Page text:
“The least of things with a meaning is worth more in life than the greatest of things without it.” — Carl Jung
Steve Cole, PhD., is a Professor of Medicine and Psychiatry and Biobehavioural Sciences in the UCLA School of Medicine. (And no, that’s not him in the photo.) We are due to talk over Zoom, although he has warned me that his bandwidth in California is probably worse than Tenzin Palmo’s at her nunnery in North India.
As it turns out, our only technical glitch is entirely of my making. Unusually, I had turned off the sound on my laptop with the intention of writing uninterrupted, and forgot to turn it on again for our call. So I logged onto my Zoom room, saw nobody else there so figured Steve was still getting online, so wandered over to another window to do email, expecting to hear Zoom ping when he checked in. At four minutes past the hour, I was getting concerned, so checked my messages — to find an email saying he could see me, but I didn’t seem to be able to hear him.
If there is one thing worse than being unwittingly watched, it is being unwittingly watched by a behavioural scientist.
Steve goes on to be a wonderful interviewee, with a charming way of agreeing emphatically with things I say, which makes me feel as if I’m smart. He is obviously passionate about his subject, speaking in well-formed sentences, which makes my job of writing up our conversation exponentially easier. (I’ve edited only for length in what follows.)
He is looking relaxed in a white t-shirt under a dark blue fleece, with neat salt-and-pepper facial hair that is more than stubble but less than a beard, and becoming more salt and less pepper. He has kind eyes behind light-framed glasses, and seems like the kind of guy you could probably enjoy a beer with. I picture the countless research subjects that must have been through his lab, and imagine that he would always treat them with respect and empathy.
I had come across his work in a Guardian article reporting the UK’s appointment of a Minister for Loneliness. The article briefly described his research into the impacts of chronic loneliness on our health at the epigenetic level. We are born with fixed DNA, but how that DNA is translated into our physiological reality depends on a variety of environmental factors, including our emotional state. It also mentioned his finding that adverse impacts can be alleviated by embracing a sense of purpose.
This idea immediately resonated with me, as I doubted I could have endured the solitude of my ocean voyages if I hadn’t been driven by the sense that I was on some kind of mission. I had already been working on the theory, for my book on The Gifts of Solitude, that feeling connected to a greater purpose could help alleviate hardship of all kinds, so I definitely wanted to learn more.
What does Purpose have to do with Loneliness?
RS: Your work seems to fall into two distinct chunks — one on loneliness, and one on purpose, but there also seems to be considerable overlap between the two. Is that how you would conceptualise it?
SC: Yes, absolutely. Originally, we had thought of them as two different things, but what we’re learning when we look at loneliness is that it’s very hard to tackle loneliness head-on, particularly chronic loneliness, which is the toxic version. Transient loneliness really doesn’t have enough temporal scope to damage our health that much, but people who live loneliness as a lifestyle, as a worldview, as a way of being for years and years and years, that’s when the health toll really gets high. So it turns out a lot of that kind of chronic loneliness comes from a perception that you just can’t trust other human beings, and as you might imagine, it’s very difficult to therapeutically talk people out of not trusting other human beings — by saying, “Hey! Don’t be lonely, you loser!”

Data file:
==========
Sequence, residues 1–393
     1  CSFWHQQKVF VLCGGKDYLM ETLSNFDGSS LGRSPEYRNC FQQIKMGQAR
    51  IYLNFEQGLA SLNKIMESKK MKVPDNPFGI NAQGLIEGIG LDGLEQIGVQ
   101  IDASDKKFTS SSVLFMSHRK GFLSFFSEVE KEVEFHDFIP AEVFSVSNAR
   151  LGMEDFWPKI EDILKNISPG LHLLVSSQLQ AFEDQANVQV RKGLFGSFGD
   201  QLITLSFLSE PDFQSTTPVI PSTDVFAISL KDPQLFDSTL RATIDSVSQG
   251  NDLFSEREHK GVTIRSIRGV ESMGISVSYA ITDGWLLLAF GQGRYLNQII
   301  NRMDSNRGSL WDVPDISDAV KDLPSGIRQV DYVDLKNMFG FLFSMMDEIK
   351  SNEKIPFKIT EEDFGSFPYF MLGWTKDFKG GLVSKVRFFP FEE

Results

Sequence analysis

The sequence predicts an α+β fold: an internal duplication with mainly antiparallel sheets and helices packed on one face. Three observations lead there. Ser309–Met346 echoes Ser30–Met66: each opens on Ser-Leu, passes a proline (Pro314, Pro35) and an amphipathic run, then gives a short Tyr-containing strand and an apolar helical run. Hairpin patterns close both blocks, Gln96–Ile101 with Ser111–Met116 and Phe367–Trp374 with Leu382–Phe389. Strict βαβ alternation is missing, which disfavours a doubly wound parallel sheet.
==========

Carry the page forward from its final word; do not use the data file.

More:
RS: It’s a bit like saying, “Be happy!”
SC: Yes, absolutely. Completely unproductive. So a lot of us have been thinking about whether there another kind of more oblique attack on loneliness. And the one oblique attack that really seems to work is to take the attention of a lonely person off themself and their own suffering, and get their attention onto something else and somebody else. Often those external causes are goals that you can’t necessarily achieve alone. So, many times, the most effective attack on loneliness is getting people together around some kind of shared ideal or aspiration, in which case they can learn that there are some other people who see the world the way they do, that value what they value, and that they can trust to partner in some sort of meta-organismic activity, coming together as a community and trying to get stuff done. Getting people together around shared purpose and value turns out to be a great way of tackling loneliness.
RS: That makes perfect sense, because throughout most of human history, that is what people did — come together to do things together that would benefit everybody. So people shouldn’t be worried that a short term lockdown is going to do them damage at the epigenetic level?
Ahhh, you know what I’m going to say now, don’t you?!
This is an excerpt from my forthcoming book, The Gifts of Solitude. I would be most grateful if you would go to the full article on Medium.com, which will earn me a few cents in these financially challenging times. If you follow this “friend link“, you don’t have to pay to read it. I believe the algorithm gauges the number of people who read it, and for how many minutes, so please read slowly!
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And thank you.